2006 Trail Spares?

TerryD

Mildly demented....
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I'm looking for some common failure points for these that I should keep a spare of and reputable brands to buy of those things.

I have plenty of tools and recovery gear so I'm just looking for parts recommendations.
 
I also have an 06 LJ Rubicon and carry Axle shafts, ujoints, unit bearings, and ball joints. If you're wheeling in terrain where these items break then consider installing upgrades and keeping the original components as spares.

Front and rear chromoly axle shafts should be at the top of your list with new unit bearings. Keep the original shafts fully assembled for easier replacement on the trail.

Spicer ujoints and Spicer ball joints. I'd just install new ball joints and keep the old sets as spares.

I carry a spare rear driveshaft. I bought a new driveshaft and kept the original as a spare. I also have a replacement Currie steering setup that I bring with me. The spare steering components are bent but will get me off the trail in a jam.
 
PCM, a wiring harness and an OPD? =)

I carry a fuel pump...the pump itself, not the whole assembly. JB weld steel stick for holes in pans and blocks. Spare brake hose. An assortment of hose clamps, spring clamps, bolts, nuts, hoses and plugs.

-Mac
 
Focus on spare parts and other items that will get you off the trail more than spares for a complete field repair. Fuses, relays, cam and crank sensors, wire and wire connectors, two spark plugs and one coil pack (you don't need a full set), spare serpentine belt, u-joints, glues and sealants, nuts, bolts and other fasteners, hoses and clamps, spare fluids, radiator stop leak, bailing wire, duct tape, etc. Have a good tire kit with jack and jack base, tire repair plugs, Colby emergency valve stem, a couple of lug nuts, compressor and hose, air gauge, etc..

Pay attention to what others break so that you develop a better idea of the most common trail failures in jeeps that may be different than with the 4WD platform you had before. Add to your spares as you deem necessary. It is a process.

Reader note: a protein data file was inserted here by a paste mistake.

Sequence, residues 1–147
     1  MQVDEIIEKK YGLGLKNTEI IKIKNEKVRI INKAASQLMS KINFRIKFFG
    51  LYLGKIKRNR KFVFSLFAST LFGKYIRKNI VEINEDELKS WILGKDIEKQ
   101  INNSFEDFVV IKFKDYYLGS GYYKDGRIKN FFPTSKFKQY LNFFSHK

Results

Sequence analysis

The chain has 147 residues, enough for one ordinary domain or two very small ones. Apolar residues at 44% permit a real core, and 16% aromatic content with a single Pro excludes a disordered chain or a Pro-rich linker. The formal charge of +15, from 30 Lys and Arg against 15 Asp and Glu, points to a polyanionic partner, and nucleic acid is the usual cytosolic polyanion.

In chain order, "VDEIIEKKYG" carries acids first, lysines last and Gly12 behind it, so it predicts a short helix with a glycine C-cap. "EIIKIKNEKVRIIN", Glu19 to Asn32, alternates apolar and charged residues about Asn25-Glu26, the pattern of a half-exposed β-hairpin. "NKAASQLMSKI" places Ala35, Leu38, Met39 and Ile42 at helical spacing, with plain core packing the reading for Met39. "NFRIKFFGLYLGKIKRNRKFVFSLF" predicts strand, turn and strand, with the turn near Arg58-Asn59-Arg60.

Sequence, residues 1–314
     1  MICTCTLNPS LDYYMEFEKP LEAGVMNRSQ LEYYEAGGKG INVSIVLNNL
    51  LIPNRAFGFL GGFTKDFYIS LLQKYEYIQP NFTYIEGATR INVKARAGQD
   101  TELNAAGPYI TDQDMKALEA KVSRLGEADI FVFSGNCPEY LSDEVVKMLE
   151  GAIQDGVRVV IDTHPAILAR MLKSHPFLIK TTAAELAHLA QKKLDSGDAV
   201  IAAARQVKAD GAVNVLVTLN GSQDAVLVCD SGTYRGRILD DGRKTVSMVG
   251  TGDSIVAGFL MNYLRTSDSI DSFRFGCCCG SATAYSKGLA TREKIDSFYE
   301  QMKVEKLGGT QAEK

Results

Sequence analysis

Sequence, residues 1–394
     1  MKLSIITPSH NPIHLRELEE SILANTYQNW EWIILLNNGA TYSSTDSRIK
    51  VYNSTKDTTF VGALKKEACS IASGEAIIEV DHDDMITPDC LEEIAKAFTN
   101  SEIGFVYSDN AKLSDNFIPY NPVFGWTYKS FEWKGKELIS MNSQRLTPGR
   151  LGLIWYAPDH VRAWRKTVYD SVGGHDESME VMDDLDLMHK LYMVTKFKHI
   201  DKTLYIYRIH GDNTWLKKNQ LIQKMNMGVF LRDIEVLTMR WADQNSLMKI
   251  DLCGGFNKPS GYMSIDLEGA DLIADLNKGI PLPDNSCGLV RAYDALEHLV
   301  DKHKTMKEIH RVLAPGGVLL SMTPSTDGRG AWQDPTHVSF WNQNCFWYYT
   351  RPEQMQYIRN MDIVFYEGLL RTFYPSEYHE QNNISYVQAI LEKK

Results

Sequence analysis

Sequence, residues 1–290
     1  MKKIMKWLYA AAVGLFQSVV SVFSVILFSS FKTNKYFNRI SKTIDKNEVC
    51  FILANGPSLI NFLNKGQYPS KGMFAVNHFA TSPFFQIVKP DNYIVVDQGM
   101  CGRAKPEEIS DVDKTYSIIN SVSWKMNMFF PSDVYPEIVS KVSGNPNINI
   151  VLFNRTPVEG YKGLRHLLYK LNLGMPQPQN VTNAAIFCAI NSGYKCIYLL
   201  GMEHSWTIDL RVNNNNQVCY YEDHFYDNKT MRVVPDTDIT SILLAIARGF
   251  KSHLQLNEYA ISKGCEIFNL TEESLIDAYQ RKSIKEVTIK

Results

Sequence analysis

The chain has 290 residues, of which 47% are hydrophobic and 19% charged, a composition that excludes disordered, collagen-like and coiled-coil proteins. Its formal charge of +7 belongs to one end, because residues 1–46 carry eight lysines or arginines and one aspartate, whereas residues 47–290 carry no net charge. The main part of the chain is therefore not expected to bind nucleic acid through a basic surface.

Do you need spare axle shafts, unit bearing, a tie rod, etc. ? Probably not. Focus on what you will do to get off the trail more than a complete repair on the trail or in camp. Can you drive out in 2WD if an axle shaft twists or breaks? Can you pull a drive shaft and then drive out or be towed out? Can you sleeve a bent tie rod with a high lift jack handle to keep it straight? While some hardcore jeepers carry enough parts to rebuild their jeeps on the spot, most of us will just want to get off the trail and return home for that. A AAA card and cell phone will do that once you hit pavement. The goal is to get to pavement.
 
, relays, cam and crank sensors, wire and wire connectors, two spark plugs and one coil pack (you don't need a full set),

Is there a particular relay that fails on the Jeeps like the Xterra?

Any brand of cam and crank sensor better than others?

My LJ has a single long coil rail with all three coils built in. What setup are you running with individual coils?
 
Just to clarify, I'm not a pro but I've been wheeling reasonably challenging stuff for 20 years and do all my own wrenching. I've got a handle on basic repair needs.

I'm looking for advice on TJ/LJ common failure points that can strand me like the crank sensor and other things that fail with regularity but are fairly easily replaced on the trail.

I always try to keep TREs, u-joints and a belt in my toolbox.